“The Dutch make sake from grapes, and they also make sake from barley. I had a chance to drink this latter, and it was absolutely horrible. It had no flavor at all, and they call it bier…”
Sacrilege as it may seem, this was apparently the first impression of the Tokugawa Shogunate after tasting beer for the first time when the Dutch brought it to Edo as part of a tribute in 1727. The statement was published at the time in the Dutch record, Oranda Mondo (Discussions with the Hollanders).
No one could have predicted the meteoric rise of beer in Japan and that indeed, its main players would all be Japanese brands. A scene that even today it is still on the up and up with the new breed of craft beer – ji-biru – that has been gaining momentum in leaps and bounds.
The Birth of Ji-biru
Ji-biru, which literally translates to “beer of the land” is what we would associate with “craft beer” or “micro beer” in the West. These days, the term kurafuto biru is also used to distinguish between the high-quality beers produced after the birth of craft beer in Japan from the not-so-highquality stuff.
Japanese craft beer proliferated after a strict minimum-brewing law in place from 1908 was relaxed. The law stipulated that in order to have a brewing license, a brewer had to produce 180,000 liters a year. This was lifted in 1940 to 1.8 million liters, and raised again to two million in 1959, making it impossible for anyone to get into the brewing game that wasn’t already established.
All this finally changed in 1994 when a new law lowered the minimum brewing capacity to 60,000 liters a year. This catalyzed the craft beer movement in Japan, but it was a case of first comes quantity, and much later comes quality.
“The overwhelming positive was that you had craft beer, but this explosion of microbrewing led to more than 400 microbreweries popping up all over Japan – most in the simple hope of making a big profit rather than any real desire to make well-crafted beer,” explained Mark Meli, a regular contributor to Japan Beer Times magazine and the author of Craft Beer in Japan – the definitive English guide to all things Japanese craft beer.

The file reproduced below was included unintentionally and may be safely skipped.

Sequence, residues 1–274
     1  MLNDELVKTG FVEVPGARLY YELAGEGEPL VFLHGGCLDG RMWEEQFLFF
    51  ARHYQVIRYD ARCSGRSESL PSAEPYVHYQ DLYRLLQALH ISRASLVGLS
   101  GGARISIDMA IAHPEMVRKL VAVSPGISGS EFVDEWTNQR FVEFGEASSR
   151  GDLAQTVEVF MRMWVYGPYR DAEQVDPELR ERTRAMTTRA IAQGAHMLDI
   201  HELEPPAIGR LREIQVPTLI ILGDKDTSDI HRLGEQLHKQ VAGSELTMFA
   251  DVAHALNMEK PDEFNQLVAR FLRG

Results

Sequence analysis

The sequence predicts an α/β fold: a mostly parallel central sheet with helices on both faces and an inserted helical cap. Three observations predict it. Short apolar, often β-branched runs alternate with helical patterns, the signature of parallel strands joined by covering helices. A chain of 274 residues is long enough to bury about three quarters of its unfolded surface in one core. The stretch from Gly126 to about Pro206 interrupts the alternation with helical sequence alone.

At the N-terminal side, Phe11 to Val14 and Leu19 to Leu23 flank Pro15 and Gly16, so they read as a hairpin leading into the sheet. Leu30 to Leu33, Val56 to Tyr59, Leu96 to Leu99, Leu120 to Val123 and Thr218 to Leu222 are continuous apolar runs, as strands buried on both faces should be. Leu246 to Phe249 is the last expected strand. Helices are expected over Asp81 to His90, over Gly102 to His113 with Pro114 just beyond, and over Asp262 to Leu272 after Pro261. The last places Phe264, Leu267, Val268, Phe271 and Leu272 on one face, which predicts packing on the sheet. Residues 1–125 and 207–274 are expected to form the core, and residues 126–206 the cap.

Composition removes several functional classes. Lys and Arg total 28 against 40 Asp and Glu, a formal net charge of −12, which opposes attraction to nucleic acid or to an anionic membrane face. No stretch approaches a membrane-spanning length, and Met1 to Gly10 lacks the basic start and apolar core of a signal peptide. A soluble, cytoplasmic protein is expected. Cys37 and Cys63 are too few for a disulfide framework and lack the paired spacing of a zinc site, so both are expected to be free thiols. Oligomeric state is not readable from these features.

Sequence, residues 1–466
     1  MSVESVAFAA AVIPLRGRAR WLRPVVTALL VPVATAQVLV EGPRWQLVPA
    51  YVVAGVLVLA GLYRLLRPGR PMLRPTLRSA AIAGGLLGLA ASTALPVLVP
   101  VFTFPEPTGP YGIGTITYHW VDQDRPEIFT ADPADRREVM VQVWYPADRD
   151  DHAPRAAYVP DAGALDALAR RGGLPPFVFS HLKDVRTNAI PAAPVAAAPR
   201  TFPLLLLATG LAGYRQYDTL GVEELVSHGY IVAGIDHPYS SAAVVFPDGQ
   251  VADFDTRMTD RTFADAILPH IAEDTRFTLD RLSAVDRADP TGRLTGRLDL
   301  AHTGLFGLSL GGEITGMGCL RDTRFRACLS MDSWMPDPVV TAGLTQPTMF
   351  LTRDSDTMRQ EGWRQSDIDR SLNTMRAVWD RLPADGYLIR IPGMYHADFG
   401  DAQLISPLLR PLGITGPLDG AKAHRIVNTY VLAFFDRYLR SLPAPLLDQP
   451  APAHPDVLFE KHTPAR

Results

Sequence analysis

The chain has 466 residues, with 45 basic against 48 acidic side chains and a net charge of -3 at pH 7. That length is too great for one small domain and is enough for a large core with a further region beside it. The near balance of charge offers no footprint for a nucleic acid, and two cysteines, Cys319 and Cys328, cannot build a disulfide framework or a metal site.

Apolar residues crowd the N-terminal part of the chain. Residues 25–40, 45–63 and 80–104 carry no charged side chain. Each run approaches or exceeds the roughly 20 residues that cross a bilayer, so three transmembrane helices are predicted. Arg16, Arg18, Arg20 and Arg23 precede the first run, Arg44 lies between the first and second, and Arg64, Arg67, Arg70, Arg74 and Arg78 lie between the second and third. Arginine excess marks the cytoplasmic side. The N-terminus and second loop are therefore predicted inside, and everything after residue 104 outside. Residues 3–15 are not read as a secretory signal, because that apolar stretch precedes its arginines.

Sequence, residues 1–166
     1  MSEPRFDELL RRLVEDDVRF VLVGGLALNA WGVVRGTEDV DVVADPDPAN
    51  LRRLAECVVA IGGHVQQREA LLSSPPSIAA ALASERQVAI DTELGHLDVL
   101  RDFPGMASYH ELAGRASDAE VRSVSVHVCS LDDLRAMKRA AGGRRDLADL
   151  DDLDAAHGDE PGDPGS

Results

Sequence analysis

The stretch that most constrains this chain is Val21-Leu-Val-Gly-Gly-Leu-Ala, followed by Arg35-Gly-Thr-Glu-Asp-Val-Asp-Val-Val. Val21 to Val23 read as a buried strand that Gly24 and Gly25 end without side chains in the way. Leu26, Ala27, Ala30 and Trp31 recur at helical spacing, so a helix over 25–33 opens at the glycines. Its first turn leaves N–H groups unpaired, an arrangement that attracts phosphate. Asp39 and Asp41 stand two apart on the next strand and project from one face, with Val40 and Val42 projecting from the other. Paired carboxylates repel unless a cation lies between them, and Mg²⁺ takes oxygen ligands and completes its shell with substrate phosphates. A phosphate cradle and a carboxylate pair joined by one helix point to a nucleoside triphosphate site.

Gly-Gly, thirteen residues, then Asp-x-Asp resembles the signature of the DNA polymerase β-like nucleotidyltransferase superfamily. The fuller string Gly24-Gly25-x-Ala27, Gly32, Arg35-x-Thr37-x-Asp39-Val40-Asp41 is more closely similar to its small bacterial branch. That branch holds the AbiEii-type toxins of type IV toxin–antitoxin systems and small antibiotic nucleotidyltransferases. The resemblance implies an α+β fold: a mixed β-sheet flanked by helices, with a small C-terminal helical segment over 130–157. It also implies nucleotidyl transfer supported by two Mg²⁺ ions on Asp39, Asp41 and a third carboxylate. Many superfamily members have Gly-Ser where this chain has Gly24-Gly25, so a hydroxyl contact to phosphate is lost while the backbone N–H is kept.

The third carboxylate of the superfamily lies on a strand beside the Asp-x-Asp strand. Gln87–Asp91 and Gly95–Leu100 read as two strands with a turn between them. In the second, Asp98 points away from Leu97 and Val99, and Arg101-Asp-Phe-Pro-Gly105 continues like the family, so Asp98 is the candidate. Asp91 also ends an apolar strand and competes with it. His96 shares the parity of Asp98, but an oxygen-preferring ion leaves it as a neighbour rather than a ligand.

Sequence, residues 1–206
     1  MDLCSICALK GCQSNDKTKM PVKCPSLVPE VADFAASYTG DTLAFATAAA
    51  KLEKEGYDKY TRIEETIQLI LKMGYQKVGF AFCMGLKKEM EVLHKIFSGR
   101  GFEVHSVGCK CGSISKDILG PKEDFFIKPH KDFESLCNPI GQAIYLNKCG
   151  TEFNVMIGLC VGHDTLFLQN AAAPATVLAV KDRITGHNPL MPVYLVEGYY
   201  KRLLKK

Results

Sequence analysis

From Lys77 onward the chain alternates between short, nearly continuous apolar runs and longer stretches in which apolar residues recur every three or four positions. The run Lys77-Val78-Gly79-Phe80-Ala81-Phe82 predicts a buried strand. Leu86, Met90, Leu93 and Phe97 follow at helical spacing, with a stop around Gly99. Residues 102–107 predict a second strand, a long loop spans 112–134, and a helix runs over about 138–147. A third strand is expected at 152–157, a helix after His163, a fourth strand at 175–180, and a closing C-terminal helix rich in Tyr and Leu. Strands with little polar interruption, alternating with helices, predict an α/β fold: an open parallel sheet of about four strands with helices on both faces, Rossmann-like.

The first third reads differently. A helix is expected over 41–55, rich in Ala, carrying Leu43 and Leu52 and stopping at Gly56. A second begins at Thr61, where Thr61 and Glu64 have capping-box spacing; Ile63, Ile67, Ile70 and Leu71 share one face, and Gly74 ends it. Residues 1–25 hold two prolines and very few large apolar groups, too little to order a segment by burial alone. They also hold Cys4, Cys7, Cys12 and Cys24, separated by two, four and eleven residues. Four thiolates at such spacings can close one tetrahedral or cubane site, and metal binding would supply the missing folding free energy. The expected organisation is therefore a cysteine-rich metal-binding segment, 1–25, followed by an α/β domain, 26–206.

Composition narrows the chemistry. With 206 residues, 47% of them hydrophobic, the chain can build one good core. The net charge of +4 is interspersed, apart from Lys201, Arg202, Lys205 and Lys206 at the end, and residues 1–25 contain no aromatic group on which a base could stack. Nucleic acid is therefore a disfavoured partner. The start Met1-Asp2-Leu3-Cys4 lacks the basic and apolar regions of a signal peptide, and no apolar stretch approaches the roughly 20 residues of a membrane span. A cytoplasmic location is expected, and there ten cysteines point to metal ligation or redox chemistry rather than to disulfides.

Everyone and their obachan was getting into the ji-biru business; restaurants, hotels, museums, you name it. “Today we have about 240 craft beer breweries in Japan, a lot of the others closed because the beer was terrible,” Meli said.
The Scene in Kansai
Since about 2012, craft beer bars have been mushrooming throughout Kansai with new places continuously popping up. The craft haunts with a bit of a longer history, like Qbrick, which just celebrated its 10-year anniversary, and Beer Belly, opened after the Minoh beer brand was launched in 1996, have blazed the trail, helping to pave the ji-biru landscape and build the now fast-growing scene.
“Kansai has a really strong community for craft beer … part of that is having so many (craft beer bars) in the same area,” says Mike Post, also known as Mr. Beer Zen, the founder of the quarterly Beer Zen magazine. Having just celebrated its two-year anniversary, the magazine has also been instrumental in driving the scene with its simple goal: “to connect people to people, and of course people to great beer!”
“The scene has steadily grown with a big boom in 2012 with Yellow Ape, Molto, Craft Beer Base, and Kamikaze opening and another big boom this past March with a lot of owners opening their second shops,” Post explained.
As far as what is driving the scene, the craft beer culture is more in line with a “foodie” culture, which is reflected in the chic atmosphere and mouthwatering food served at these places. This might also explain why the patrons differ from what one usually expects, particularly in a Western country, when ‘heading out to the pub for a pint.’
“Women drive the scene to a certain degree. They know what’s cool, what’s going on. There is a misconception that beer is a man’s drink in the West, but everyone likes beer!” explained Post.